One point of contact that was diplomatically sensitive was the city of Lwow, where the Polish forces (some six divisions) were surrounded, with Germans on one side and Soviets on the other. The local commander, Gen. Langner, decided to surrender to the Soviets rather than the Germans, this taking place on 22 September. Ostensibly, the men were free to go home and the officers were free to try and reach Romania, but the NKVD rounded them up before they had a chance to get away with ultimately tragic results (see below). Many units from the northern front tried to move through Tomaszow Lubelski but were rounded up by the Wehrmacht, the last being captured on 2 October near Nisko. Others formed into a force of around 16,000 strong under the command of Gen. Franciszek Kleeberg who tried to move westwards and reinforce the defence of Warsaw. He hadn't received word that Warsaw had fallen, and ran into the path of the German 13th Motorised Infantry Division, fighting a four-day battle after which they were forced to surrender on 6 October.

Aftermath

The Soviet invasion shortened the campaign by several weeks. The eastern part of Poland was less well-developed, had fewer roads and was more suited to fighting a defensive battle. As Rundstedt observed, German casualties in the second half of the campaign were higher than that in the first – if they would have had to face a prolonged defence in Eastern Poland, they would have been higher still. As it was, it was the Soviets who occupied Eastern Poland. The immediate consequence was to prevent a large portion of the Polish Army from retreating to Romania. By 2 October, the Soviets had captured 99,149 troops. Later records show that they eventually captured 452,536 personnel, but this included a large number of government officials, police, postal workers, teachers etc. in an effort to 'de-Polonise' the region. A large number of captured officers and officials (over 22,000) were murdered at three sites in Byelorussia in 1940 on the direct orders of Stalin (carried out by Lavrentiy Beria, Head of the NKVD), one of the sites (in the Katyn Forest) being discovered by the Germans in 1943. Although Stalin denied that the USSR had been responsible and blamed Nazi Germany for the atrocities, Premier Mikhail Gorbachev finally admitted that the USSR was responsible on 13 April 1990.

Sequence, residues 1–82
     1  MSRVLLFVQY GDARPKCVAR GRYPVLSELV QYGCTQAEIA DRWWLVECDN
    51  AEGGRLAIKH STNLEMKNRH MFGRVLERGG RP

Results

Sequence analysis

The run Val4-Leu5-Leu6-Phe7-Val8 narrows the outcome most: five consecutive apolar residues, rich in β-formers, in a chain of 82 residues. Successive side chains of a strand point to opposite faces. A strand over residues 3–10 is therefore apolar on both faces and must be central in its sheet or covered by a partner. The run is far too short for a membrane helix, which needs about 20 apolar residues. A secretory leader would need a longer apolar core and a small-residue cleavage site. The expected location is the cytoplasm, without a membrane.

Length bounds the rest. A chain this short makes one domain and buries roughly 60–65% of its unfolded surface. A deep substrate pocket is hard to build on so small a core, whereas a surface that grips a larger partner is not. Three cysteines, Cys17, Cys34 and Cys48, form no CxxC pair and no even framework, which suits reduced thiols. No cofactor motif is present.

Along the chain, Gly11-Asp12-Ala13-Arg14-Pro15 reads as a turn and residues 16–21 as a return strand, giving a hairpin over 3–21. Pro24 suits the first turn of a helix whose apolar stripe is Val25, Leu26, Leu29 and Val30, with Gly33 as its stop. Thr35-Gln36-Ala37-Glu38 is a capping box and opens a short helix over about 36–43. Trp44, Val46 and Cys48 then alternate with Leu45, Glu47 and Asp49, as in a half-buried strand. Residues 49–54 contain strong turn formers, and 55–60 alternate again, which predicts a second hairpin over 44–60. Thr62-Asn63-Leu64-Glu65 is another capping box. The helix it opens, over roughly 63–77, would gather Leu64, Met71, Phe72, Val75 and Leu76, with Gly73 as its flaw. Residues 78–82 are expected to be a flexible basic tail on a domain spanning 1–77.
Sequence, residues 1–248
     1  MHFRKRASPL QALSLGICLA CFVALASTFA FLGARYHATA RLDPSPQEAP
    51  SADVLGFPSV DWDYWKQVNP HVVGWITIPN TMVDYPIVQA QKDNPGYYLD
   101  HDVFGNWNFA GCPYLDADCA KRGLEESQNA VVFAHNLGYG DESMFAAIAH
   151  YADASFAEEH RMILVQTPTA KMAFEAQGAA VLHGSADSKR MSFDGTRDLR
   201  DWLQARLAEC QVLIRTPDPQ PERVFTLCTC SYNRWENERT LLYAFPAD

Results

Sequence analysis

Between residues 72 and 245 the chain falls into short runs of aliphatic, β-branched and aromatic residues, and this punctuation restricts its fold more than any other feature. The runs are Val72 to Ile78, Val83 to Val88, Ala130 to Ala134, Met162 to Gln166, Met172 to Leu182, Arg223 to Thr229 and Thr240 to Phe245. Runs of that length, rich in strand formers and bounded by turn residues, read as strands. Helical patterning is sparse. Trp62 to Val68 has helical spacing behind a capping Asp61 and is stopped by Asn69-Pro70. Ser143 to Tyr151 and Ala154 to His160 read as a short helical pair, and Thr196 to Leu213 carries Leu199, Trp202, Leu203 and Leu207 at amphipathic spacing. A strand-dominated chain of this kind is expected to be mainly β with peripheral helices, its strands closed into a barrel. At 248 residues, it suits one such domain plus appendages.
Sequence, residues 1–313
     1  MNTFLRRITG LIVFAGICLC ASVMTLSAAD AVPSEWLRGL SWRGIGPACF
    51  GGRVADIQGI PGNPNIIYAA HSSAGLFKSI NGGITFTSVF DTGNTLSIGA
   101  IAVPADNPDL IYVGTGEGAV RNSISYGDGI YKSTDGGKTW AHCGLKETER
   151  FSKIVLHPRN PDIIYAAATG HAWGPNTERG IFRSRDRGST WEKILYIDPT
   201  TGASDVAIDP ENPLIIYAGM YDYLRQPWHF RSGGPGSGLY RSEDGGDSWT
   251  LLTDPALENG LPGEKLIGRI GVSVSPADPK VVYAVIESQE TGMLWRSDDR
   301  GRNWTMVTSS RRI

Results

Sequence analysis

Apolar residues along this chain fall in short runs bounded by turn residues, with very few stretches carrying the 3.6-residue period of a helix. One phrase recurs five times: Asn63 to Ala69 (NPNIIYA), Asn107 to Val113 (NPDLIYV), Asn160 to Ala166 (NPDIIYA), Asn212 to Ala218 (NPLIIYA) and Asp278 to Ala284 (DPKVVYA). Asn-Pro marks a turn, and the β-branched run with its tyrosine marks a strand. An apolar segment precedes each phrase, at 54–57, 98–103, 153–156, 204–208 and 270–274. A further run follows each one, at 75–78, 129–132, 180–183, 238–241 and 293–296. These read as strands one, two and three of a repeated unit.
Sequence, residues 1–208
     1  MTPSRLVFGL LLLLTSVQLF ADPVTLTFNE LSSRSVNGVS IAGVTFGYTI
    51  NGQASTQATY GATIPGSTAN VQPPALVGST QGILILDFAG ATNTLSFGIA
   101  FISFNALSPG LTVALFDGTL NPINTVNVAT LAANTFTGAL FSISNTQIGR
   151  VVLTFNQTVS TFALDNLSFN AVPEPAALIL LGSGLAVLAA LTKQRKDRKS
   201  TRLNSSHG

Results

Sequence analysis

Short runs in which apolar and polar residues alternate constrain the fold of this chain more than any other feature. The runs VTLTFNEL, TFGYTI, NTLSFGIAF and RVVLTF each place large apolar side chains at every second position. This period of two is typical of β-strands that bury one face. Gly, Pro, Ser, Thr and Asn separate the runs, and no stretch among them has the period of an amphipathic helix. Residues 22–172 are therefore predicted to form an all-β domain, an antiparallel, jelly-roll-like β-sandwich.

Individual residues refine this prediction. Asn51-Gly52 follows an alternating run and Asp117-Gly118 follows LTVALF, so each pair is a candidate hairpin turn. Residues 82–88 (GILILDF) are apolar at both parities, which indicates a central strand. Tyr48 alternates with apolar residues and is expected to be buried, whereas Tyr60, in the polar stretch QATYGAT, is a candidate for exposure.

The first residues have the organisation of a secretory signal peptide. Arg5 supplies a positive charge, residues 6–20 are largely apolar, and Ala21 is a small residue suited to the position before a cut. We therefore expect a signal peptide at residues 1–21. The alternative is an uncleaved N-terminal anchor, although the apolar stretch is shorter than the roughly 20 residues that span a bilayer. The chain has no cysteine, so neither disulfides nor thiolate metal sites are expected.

Occupation of Poland, 1939
Occupation of Poland, 1939